Skinner's Ordeal by Quintin Jardine
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|Skinner's Ordeal by Quintin Jardine|
|Reviewer: Sue Magee|
|Summary: The fifth book in the series sees Skinner facing a major plane crash on his patch and some personal demons. It's a good story and a pertinent look at what we expect of our police forces.|
|Buy? Yes||Borrow? Yes|
|Pages: 448/ 13h57m||Date: October 1996|
|External links: Author's website|
They'd practiced for such an event for years, but it doesn't lessen the horror when it actually happens: the Edinburgh shuttle has come down in the Lammermuirs with 205 people on board. The police are faced with gathering bodies - or parts of bodies - checking the scene for evidence and then establishing what happened. Edinburgh's deputy chief constable, Bob Skinner finds himself heading the biggest investigation of his career and the pressure is increased when it's realised that both the British and American Defence Secretaries were on the plane, along with a colleague of Skinner's.
There's a small miracle - a five-year-old boy is found alive in the cockpit of the plane - but that's all the joy that there was to be that day and for many days to come. It's evident very quickly that this wasn't 'human error' or a 'technical malfunction'. This was an explosion. There's a wealth of suspects for once, but something is going wrong for Skinner: it's not that he can't sleep, it's that he's frightened to, as he knows that he's going to be beset by nightmares. Then a random act of violence leaves him hovering between life and death. It's such a good story that I finished in less than twenty four hours.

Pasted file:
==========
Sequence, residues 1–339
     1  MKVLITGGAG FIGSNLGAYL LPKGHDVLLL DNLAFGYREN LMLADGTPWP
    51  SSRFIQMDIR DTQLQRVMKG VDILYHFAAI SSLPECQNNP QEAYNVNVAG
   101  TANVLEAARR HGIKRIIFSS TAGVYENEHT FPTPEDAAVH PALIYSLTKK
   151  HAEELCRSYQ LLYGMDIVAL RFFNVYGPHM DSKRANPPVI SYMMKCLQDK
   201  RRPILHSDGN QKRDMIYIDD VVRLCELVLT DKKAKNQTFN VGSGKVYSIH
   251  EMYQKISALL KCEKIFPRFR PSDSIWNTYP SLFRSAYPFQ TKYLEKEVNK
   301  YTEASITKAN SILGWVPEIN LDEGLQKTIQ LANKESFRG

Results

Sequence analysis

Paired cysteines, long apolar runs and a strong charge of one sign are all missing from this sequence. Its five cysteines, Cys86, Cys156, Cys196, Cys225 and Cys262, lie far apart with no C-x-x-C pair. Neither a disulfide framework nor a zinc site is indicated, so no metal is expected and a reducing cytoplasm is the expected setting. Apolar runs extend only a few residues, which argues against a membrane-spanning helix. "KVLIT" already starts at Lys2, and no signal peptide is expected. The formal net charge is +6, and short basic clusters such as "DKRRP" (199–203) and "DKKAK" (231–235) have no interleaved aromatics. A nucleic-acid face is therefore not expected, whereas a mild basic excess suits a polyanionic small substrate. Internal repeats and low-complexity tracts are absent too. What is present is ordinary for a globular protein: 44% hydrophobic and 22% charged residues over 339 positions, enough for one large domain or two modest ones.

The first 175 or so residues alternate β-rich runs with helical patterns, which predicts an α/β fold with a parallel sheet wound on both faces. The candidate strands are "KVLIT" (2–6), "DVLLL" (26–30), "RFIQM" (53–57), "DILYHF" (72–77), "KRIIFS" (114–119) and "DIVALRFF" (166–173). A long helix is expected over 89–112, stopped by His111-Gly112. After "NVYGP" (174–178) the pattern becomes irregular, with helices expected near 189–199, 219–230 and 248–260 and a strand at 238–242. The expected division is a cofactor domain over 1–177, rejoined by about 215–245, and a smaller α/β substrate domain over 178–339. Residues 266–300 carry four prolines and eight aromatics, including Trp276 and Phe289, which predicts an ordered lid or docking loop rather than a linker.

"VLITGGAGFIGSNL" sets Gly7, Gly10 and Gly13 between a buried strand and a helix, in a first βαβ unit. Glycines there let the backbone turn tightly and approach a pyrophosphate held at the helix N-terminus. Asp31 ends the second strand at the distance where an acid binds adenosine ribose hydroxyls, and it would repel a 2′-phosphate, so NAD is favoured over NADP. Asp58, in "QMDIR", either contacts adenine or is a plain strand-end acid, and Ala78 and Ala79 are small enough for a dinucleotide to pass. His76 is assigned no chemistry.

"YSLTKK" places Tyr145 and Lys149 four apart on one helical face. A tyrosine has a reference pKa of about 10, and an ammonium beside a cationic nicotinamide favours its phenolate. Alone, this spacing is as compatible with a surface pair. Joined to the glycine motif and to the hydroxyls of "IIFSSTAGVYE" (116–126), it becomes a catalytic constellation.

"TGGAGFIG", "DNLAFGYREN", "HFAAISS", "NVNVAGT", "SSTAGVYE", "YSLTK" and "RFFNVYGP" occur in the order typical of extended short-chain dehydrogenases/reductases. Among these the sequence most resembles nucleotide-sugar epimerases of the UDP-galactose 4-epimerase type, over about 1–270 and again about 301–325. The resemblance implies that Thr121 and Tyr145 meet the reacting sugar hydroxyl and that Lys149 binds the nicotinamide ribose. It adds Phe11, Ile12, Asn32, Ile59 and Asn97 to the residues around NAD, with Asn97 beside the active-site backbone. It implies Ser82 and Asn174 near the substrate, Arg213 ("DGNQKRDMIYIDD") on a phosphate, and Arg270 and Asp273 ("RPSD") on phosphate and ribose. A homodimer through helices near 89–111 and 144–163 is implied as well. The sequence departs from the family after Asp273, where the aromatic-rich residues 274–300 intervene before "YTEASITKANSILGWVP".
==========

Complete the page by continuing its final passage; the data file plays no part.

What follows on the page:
As with all the Skinner stories - it's a darn good plot. I had various people chalked in as the perpetrator but it wasn't until the name was put in front of me that it all made sense. It's also a common factor with the series that you're not just reading to get the name of the villain: the characterisation is excellent and there's a great sense of location. They're also thought provoking and this time the fact of what we ask our police forces to face was brought home almost brutally. Someone has to establish if anyone is still alive and that means the police searching all the wreckage and the surrounding land. It's deeply unpleasant, horrifying and hardly surprising that many come to suffer (whether they will admit it or not) from post-traumatic stress disorder. Also thought-provoking is what the Security services do, usually without our knowledge.
Recently I've been listening to the Skinner books as audio downloads, all of which I've bought myself. They're narrated by James Bryce who's nobly taken on the task of telling a story which is heavily populated by middle-aged, middle class Scotsmen and somehow given them all individual voices - and that is no mean feat. As soon as I finish one, I buy the next download!
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